The dancers and management of American Ballet Theatre last night agreed on a new labor contract, averting the specter of a disbanding of the half-century-old troupe that had been raised by board action late last week.

The new contract, for three years ending Oct. 31, 1993, calls for 36 guaranteed weeks of employment each year (with supplemental benefits for the rest of the year) for the troupe's 83 dancers; a 10.5 percent wage increase over the life of the contract, staggered during the final year to bring the wage scale to 13 percent above current levels; increases in overtime, daily meal allowance and other ancillary benefits; and a two-year waiver of some provisions affecting hotel accommodations and travel allowances on two specific projected foreign tours.

The major concession on the part of the dancers appeared to be this last point, yielding on past insistence on single rooms for each dancer, but only on foreign touring and limited to two years.

In contrast to some of the inflammatory statements on both sides reported during recent stages of the negotiation, the two parties seemed to welcome the new agreement in a wholly amicable spirit.

Speaking from ABT's New York offices, where the agreement was concluded last night, dancers committee representative Victor Barbee said:

"I think all of us, all the dancers, are very relieved and delighted. The vote was 65 dancers for, 4 against. I think these were very successful negotiations for all sides. The dancers were able to maintain the integrity of provisions won in past negotiations, but at the same time we were able to offer much-needed financial relief for the company, without interrupting the performance schedule. We understand the precariousness of the company's financial situation, and were quite willing to help out. Given the economic climate today, we think we've reached a very good agreement under the circumstances."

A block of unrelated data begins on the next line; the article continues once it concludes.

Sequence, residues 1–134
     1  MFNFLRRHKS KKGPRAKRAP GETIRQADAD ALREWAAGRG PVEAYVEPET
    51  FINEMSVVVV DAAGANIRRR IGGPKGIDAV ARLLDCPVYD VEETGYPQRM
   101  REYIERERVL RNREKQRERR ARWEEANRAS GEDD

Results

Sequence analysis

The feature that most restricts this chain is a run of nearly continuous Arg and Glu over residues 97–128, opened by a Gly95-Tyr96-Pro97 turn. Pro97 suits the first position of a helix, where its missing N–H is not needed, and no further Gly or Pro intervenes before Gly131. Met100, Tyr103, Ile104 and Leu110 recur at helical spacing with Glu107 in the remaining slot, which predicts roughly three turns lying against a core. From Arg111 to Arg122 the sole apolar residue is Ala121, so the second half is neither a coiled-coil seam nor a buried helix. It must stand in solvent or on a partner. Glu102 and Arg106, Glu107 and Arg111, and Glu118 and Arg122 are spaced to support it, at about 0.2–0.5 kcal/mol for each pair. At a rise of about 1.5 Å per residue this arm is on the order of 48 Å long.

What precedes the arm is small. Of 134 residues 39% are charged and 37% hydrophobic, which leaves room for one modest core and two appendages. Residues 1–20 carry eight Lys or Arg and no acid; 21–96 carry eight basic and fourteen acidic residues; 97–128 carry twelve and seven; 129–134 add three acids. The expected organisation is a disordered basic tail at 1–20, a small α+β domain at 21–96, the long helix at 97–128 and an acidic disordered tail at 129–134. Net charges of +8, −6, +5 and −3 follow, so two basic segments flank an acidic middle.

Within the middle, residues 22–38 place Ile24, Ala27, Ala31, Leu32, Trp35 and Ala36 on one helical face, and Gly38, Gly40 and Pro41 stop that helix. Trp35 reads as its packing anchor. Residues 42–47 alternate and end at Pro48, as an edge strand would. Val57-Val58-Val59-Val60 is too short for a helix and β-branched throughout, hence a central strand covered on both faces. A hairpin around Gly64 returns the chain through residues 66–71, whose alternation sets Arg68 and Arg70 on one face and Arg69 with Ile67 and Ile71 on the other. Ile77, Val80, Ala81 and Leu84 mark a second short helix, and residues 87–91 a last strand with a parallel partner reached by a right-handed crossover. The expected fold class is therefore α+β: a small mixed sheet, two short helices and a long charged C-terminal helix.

ABT Director Jane Hermann said: "I'm very glad we're all settled. It's a fair settlement, and we're going back to work tomorrow. Of course, we've still got a lot to do to bring the company back to a wholesome fiscal operation. But the important thing is that over the last 12 months we have avoided adding to the deficit; in fact, the board was able to bring in an additional $1 million in contributions to offset potential backsliding. Our only deficit now is an accumulated one of the past, more than $4 million. We realize we are going to have to have a much more organized, more concentrated kind of fund-raising in coming years, and that's what we're planning on now. But the company is already being operated so that the burgeoning spending has been stopped -- I can say with impunity that the company is under control.

"This will mean operating very tightly over the next couple of years. We won't be able to afford risky programming; we'll do very good programming, but it will be within responsible limits -- it must. We are encouraged that subscription sales this year are already up across the board."

Hermann said the operating budget for the 1990-91 season would be under $17 million.

Company rehearsals are scheduled to begin today for a national tour that starts with the coming Kennedy Center Opera House engagement Jan. 15-27, a highlight of which will be a new full-length production of "Coppelia" staged by Enrique Martinez, with sets by Tony Straiges and costumes by Patricia Zipprodt.